First-person mystery puzzle adventures have a rich history that goes all the way back to Myst. Unlike traditional 2D puzzle games, they usually rely on an immersive exploration of deserted levels. In some cases, you can unravel an environmental narrative. Discolored is a rather stylized first-person puzzler where you’ll have to channel the color spectrum back into a colorless limbo world. I had the chance to try the rather short demo. According to the developer, it’s about one-third of the final game to be released in Summer this year.
Discolored begins in front of a classic American diner with a big triangle marquee. The same triangle is also the icon that appears when you point the cursor to an interactive object. On the other side of the street is a phone booth, which you can’t enter. There are two small alleys by the diner. To your left there’s a dumpster; to your right, a well. By the dumpster, you’ll find a bucket and a hook hanging from the well’s crank. You connect the dots.
In your classic adventure game inventory on top of the screen, you have a suitcase and one of those old stereoscopes that allows you to put a picture in front of the head-mounted display (like an old View-Master). The suitcase is the container for the stereoscope, showing how to use it with an illustration. It isn’t clear what you’ll do with it, but it looks like it may be instrumental to solve a final puzzle. It seems a bit counterintuitive to include it in the demo, though, as you never actually use it.
The diner itself consists of a ground floor and a first floor. When you enter the building, the soundtrack changes. There’s an eerie ambiance like the world has just been abandoned, and you’re the only one left. It’s an effective atmosphere, but really basic. It makes exploring the two floors of the diner feel like something is about to go down, but then nothing ever does. Even when you encounter the only color available in this blank purgatory, a bright green triangle under a plant bowl, it feels like there’s something missing.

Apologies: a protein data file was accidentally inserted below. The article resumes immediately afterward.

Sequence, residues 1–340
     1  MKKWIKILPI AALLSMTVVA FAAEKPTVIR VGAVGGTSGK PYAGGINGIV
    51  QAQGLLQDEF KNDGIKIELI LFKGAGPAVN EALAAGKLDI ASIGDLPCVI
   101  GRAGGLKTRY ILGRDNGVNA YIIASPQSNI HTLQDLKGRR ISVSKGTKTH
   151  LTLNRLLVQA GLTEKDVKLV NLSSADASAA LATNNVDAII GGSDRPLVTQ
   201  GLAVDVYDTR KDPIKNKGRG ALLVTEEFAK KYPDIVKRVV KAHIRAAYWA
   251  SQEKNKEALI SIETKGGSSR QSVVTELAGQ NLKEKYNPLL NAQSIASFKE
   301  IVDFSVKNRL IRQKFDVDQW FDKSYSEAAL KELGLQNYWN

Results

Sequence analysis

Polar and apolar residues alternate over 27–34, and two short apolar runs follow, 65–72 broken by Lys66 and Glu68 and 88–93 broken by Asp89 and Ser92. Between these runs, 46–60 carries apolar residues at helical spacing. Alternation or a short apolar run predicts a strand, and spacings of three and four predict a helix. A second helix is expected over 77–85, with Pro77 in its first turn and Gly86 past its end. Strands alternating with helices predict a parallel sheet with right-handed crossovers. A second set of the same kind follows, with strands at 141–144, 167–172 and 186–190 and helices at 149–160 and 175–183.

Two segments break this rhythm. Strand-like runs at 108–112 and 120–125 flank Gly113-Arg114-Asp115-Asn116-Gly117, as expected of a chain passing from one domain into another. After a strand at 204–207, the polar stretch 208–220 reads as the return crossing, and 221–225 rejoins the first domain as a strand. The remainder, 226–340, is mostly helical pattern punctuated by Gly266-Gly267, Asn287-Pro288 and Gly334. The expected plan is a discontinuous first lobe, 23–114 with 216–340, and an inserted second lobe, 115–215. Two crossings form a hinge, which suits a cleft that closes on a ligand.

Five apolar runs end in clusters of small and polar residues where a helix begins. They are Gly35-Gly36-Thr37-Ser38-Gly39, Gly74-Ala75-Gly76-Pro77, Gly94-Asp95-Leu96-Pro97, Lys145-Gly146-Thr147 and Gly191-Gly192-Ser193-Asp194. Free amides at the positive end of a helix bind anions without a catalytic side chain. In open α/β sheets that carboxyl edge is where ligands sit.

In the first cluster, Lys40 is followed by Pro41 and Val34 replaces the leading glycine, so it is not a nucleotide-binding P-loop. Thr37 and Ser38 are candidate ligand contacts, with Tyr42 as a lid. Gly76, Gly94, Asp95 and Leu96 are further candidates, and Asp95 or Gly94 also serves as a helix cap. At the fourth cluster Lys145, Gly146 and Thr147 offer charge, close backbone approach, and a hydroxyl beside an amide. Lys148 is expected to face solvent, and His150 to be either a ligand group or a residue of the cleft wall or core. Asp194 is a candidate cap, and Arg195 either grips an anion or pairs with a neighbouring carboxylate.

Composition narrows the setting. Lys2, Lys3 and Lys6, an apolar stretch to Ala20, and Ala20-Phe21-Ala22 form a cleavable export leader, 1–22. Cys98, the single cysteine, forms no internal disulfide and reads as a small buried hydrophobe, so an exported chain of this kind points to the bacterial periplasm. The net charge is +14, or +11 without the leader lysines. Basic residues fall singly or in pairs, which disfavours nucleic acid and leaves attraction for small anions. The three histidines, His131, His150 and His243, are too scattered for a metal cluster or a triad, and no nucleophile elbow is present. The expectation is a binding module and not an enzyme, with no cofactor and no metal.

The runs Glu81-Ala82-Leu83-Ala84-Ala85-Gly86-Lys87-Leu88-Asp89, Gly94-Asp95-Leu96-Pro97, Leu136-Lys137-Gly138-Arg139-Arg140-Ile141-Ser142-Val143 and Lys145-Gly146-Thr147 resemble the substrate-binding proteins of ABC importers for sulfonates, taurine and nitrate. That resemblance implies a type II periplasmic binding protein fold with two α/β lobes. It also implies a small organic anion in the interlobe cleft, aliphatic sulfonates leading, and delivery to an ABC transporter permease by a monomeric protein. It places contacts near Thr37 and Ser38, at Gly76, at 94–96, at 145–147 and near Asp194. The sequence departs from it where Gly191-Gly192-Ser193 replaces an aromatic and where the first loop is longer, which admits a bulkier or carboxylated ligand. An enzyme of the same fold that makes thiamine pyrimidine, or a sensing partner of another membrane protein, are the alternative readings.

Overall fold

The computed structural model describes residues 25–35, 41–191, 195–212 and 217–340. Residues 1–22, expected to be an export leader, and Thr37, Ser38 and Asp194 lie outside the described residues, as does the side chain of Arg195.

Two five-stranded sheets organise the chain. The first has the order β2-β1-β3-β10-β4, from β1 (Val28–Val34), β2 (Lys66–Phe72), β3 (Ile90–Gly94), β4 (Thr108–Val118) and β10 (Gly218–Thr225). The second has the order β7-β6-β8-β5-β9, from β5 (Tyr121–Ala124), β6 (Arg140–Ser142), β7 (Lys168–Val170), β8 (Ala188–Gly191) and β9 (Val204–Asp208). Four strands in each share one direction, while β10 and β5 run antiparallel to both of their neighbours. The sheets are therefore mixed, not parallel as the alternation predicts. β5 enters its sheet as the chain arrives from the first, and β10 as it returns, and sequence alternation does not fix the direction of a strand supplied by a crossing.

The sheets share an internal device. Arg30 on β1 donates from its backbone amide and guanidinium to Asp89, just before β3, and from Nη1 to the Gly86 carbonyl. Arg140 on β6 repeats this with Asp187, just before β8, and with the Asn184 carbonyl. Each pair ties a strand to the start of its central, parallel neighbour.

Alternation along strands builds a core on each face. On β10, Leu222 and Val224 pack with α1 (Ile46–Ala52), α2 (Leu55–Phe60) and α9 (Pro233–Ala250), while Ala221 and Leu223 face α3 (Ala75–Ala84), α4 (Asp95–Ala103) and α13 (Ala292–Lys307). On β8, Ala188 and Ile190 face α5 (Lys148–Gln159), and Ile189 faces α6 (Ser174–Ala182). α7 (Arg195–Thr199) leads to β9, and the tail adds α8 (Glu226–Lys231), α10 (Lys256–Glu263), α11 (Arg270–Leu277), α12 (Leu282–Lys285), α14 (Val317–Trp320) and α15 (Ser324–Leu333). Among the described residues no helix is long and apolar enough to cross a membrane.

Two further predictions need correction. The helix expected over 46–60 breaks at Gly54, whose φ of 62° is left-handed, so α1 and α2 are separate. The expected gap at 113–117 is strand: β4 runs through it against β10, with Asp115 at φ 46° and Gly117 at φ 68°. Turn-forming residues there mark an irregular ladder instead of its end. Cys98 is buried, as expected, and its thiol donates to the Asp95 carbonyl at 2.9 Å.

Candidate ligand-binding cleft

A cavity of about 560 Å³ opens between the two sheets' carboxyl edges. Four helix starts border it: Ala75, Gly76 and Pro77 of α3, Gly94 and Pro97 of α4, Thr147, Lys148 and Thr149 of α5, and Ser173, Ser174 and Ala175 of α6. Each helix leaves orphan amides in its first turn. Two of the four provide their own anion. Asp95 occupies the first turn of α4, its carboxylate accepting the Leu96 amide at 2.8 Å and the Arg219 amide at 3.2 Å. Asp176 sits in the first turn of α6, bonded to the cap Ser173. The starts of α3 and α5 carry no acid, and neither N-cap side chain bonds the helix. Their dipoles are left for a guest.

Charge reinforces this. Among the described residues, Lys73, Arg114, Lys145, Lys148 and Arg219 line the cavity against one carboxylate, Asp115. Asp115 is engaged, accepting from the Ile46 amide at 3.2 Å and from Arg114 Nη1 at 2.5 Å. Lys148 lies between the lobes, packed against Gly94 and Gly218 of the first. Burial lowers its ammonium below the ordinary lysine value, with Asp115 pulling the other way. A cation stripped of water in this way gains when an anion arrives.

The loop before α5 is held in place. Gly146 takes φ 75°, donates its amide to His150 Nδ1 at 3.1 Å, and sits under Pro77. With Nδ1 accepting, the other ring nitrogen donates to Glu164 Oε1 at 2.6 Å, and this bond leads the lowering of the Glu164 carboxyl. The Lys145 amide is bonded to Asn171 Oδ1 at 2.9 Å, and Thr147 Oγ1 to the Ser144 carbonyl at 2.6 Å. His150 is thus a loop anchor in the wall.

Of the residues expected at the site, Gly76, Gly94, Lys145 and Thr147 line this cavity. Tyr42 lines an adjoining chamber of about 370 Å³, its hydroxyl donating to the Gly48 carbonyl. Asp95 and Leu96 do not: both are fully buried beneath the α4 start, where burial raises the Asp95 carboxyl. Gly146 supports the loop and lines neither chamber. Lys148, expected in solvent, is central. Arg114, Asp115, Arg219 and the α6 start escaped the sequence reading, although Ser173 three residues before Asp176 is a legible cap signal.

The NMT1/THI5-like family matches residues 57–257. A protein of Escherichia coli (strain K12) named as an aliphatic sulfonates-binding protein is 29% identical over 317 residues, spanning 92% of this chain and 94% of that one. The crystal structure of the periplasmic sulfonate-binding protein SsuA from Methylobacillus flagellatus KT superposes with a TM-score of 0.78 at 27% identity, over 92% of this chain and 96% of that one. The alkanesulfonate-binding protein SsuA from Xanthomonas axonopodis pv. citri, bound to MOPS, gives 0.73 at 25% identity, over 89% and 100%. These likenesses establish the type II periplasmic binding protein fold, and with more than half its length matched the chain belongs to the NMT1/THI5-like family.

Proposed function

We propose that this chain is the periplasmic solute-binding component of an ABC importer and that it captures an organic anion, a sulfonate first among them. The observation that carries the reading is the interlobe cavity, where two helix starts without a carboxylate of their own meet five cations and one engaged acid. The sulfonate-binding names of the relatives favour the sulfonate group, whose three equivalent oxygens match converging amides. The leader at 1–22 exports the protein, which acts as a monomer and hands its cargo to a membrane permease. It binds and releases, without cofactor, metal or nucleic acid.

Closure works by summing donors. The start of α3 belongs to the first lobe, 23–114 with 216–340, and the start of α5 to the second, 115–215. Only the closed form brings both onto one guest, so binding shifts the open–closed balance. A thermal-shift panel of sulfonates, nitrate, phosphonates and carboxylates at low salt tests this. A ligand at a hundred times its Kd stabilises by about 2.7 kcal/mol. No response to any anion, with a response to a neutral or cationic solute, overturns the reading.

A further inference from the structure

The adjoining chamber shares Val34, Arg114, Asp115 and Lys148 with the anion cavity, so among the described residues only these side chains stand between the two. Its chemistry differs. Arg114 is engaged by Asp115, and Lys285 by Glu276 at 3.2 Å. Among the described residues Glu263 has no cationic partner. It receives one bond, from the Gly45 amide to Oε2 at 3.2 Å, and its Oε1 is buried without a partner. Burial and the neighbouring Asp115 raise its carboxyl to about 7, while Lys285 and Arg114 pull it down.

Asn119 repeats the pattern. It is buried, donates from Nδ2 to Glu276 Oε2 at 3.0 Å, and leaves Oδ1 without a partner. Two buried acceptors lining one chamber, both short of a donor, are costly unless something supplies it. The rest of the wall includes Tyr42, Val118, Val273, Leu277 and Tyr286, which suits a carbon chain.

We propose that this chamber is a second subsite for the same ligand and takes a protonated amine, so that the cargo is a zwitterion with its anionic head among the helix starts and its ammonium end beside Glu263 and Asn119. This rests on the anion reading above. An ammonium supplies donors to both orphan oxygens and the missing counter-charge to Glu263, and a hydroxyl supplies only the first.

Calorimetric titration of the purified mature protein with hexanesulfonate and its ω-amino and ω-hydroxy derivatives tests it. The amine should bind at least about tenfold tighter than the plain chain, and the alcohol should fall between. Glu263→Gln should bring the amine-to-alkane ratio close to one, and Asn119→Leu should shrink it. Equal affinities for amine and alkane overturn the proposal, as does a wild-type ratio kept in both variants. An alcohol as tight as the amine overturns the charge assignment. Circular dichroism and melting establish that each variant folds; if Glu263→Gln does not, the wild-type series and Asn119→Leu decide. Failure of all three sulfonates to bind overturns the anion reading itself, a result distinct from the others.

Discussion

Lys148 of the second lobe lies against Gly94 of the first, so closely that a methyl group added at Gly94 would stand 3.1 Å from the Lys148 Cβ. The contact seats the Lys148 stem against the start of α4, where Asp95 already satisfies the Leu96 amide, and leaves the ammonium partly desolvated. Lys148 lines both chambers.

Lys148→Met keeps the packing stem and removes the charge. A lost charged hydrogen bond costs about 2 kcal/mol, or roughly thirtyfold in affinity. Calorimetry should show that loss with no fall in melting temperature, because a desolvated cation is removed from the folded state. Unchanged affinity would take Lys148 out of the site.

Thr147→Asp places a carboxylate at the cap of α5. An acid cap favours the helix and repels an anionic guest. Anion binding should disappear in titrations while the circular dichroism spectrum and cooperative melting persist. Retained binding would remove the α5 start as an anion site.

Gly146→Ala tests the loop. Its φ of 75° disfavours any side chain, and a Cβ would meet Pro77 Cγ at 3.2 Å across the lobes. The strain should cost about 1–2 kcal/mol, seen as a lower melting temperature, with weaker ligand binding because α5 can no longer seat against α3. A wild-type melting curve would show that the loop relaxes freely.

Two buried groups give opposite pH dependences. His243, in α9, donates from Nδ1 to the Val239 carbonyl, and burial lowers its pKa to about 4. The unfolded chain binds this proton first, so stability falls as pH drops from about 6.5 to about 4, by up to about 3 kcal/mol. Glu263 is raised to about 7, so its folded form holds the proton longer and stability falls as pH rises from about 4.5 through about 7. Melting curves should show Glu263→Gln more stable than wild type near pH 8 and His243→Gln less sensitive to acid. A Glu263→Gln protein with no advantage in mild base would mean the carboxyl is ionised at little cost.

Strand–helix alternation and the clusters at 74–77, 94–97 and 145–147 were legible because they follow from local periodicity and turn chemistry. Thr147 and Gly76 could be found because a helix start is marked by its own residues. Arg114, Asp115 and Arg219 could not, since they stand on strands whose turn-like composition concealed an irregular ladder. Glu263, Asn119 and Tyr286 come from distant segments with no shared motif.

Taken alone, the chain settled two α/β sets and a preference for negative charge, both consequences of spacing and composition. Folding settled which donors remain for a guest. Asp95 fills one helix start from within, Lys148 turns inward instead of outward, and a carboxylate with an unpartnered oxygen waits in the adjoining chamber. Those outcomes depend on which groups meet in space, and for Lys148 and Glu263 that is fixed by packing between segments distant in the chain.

In the ground floor of the diner, you find a device on top of one of the booths. When you pull a little lever on this device, it yields a ticket. You know there’s something written on it, but it’s just a blur in a colorless world. The inventory interaction is somewhat hit-and-miss. You can combine some items in the inventory, but in the case of this ticket, you can only inspect it up close. Again, you find yourself with an item in your inventory that you don’t seem to have any use for.
At this point, I did find myself scratching my head trying to figure out what to do. It took about half an hour before I started piecing it all together. Once I did, I managed to solve the demo in about an hour. It takes some time to solve the puzzles because there’s that usual pixel hunt involved in adventure games. In the case of Discolored, it’s a polygon hunt. You’ll have to scour the level for every possible interactive object, then connect the dots.
The atmosphere and the sound are very austere and barren. It really feels like you’re in limbo. When you try to move beyond the level’s confines, it teleports you back to the front of the diner. Since this is most likely a work in progress, it’ll probably be different in the final release. Still, I like the idea of a limbo puzzler like this. There may not be much to do in it, and figuring out how to progress with no information could be frustrating, but it’s a good way to rub together some brain cells for a few hours.
The art style in Discolored is very minimalist and sparse, but I like it. Sometimes it does look like a showcase of assets in the Unity Asset Store, but it’s probably because it’s colorless. Once you manage to unlock some hues of color, it starts looking brighter. It’s nothing spectacular, of course, but it does match the overall style of the game. If you’re looking for a highly impressive graphical experience, get ready for disappointment; but if you’re just looking for something different, it’s definitely worth checking out.
Discolored is the work of solo developer Jason Godbey, who’s previously released The Search on Steam. Discolored seems to follow in the footsteps of that game as a similar first-person puzzle adventure in the tradition of Myst. Based on Steam reviews, it could have some of the same issues as The Search, being too short and too easy. The highlight of the demo for me was seizing the moon with a toy crane. It’s a nice touch in an otherwise realistic game. If the rest of the game includes more quirky puzzles like that, count me in.
TechRaptor covered Discolored on PC via Steam with a code provided by the developer.